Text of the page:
Brands are not addressing their top issues For most, addressing their issues means exercise and the fruit and veg aisle Outside weight management, they see few credible solutions to their top issues of energy boosting and managing stress –Energy = sports drinks and bars –Stress = chocolate and comfort eating Potential ‘healthy’ choices are sometimes confusing – They are unsure about where to put foods like cereal bars and smoothies on their mental balancing checklist Seldom read labels and sometimes feel the good health message is pushed into their faces Few name brands they regularly use as solutions
“They pump those energy bars full of a lot of stupid things.” (Female, 47) “I like Eat Natural, but you have to be careful because they’re full of fats and sugar.” (Female, 45) “Energy drinks and energy bars - frankly, I don’t see the difference from having a Mars bar and it’s a lot more satisfying.” (Female, 45) “This is the age when people really want some help but there’s so little beyond multivits that I know will work, and fast - I want to see it works not just hope it will” (Female, 46) “I sometimes get irritated by all that ‘one of your 5 a day’ thing - it makes out like it’s all childs’ play and that’s all you need to do!.” (Male, 45) “There’s so much jargon and it shifts by the month - diets, superfoods, bacteria - smoothies are good, then they’re bad, it’s all contradiction and can’t split the bull from the good” (Male, 48)
But the clear and the trusted are getting cut through The trusted, wholesome brands e.g. Heinz, Hovis –Will taste better and be better for you The cereal brands with a consistent, focused long-term health message –Shreddies, Special K, Oatibix and Weetabix The high visibility ‘little bottle’ magic –Actimel The heart-health spreads –Flora, Bertolli’s They may not always know exactly what the benefits are: but they believe they’re ‘healthy’ High visibility, straightforward products and clear strong messages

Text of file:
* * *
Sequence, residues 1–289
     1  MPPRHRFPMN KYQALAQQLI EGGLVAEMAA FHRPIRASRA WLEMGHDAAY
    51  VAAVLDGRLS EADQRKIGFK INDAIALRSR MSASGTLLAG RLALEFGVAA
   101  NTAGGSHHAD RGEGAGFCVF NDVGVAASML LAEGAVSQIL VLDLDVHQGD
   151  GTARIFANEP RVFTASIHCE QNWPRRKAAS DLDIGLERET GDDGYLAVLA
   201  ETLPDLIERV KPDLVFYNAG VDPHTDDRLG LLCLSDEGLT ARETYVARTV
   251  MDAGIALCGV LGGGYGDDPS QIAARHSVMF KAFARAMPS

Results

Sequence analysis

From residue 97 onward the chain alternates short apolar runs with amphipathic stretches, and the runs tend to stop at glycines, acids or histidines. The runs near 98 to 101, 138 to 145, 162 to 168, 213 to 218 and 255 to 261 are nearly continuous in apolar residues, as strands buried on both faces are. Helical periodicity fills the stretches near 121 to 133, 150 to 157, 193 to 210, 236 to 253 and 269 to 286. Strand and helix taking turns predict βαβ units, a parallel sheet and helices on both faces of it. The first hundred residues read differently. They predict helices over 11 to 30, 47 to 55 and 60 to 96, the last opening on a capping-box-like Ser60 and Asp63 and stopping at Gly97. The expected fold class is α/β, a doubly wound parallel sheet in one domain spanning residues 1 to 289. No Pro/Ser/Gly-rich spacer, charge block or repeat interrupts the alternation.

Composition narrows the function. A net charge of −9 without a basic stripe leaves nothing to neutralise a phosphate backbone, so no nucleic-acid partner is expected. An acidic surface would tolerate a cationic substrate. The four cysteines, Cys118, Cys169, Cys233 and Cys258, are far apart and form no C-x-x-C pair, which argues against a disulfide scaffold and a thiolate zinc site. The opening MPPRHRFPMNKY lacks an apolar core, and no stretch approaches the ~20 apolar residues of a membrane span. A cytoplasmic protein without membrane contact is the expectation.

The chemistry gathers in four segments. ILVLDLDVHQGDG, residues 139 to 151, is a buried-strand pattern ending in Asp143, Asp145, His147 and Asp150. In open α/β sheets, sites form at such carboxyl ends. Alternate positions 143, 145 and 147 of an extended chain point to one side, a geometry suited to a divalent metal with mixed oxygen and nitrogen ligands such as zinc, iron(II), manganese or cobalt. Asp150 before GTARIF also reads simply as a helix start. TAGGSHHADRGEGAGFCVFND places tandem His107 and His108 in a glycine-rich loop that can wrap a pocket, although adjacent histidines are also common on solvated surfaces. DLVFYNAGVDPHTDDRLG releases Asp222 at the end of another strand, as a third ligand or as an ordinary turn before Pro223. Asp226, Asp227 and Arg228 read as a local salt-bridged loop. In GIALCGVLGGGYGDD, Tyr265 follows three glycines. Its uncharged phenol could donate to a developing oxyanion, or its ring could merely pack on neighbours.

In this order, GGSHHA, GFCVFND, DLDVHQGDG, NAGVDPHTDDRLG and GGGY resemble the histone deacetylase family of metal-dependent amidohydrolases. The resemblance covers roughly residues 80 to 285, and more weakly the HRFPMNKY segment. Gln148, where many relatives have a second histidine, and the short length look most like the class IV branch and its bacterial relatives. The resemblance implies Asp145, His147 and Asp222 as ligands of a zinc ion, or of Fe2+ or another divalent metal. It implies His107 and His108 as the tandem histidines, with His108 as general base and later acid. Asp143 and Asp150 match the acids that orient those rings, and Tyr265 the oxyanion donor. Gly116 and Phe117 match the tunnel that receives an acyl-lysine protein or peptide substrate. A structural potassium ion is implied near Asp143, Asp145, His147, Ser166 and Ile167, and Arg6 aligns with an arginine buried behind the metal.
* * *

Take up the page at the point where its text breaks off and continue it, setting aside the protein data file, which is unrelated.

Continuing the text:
“Actimel - I always have some in the fridge. You feel it’s just generally going to pep you up ” (Female,46) “Muller Light - Slimming World says they’re sin free. That’s the only reason. And brilliant frozen - they last longer.” (Female, 47) “Shredded Wheat - you’ve grown up with them. You know they’re good.” (Male, 47) “Hovis and good old fashioned wheat germ - real integrity, not messed about with - good for generations” (Male, 47 “The whole probiotic thing. It makes sense.” (Male,45) “Flora seems to be one of the only brands that hasn’t been panned - they seem to keep doing something new and they walk the walk too with their events” (Female, 49)
But those with specific health issues feel the brunt of denial They find little to make eating a pleasure, not a chore (especially outside London) –Wheat intolerance: –Patchy availability –Still low levels of eating pleasure, and a high price point to boot –High cholesterol –Often lo fat comes with high salt, or low flavour! The skimmed milk analogy applied to all food! –Meagre helpings a bugbear too –Lactose intolerance –Few pleasure brands - Alpro the only hero on the horizon They want to feel mainstream, not ‘special needs’ and mainstream distribution - they know they are not a rarity these days!
“My dad had a heart attack when he was 33 and we were all tested for high cholesterol. I spent a lot of time on a rigid diet and it used to drive me insane. I was miserable” (Male, 45) “There’s so much you read about how common intolerances are - but yet it doesn’t feel normalised, nor do there seem to be big brands in there - it’s crazy!” ( Female, 48) “I was diagnosed with wheat intolerance and you feel everything is for people with sandals and floral skirts. When you find something that doesn’t taste like cardboard, when you look for it again, it’s gone” (Female, 47) “There are big old brands out there who claim to care about health in general so I don’t understand why one doesn’t try to cover the broader needs - it feels like supermarkets get closest, but not enough” (Male, 48) “The market isn’t just for people who are intolerant, I know people who eat ‘free from’ style products for proactive health - yet the products are like they know you’ve been forced to buy them, with no choice” (Female, 46) “Benecol’s done the only good, mainstream job at a special diet product - the others feel like you’re shoved down a weirdies aisle!” (Female, 46)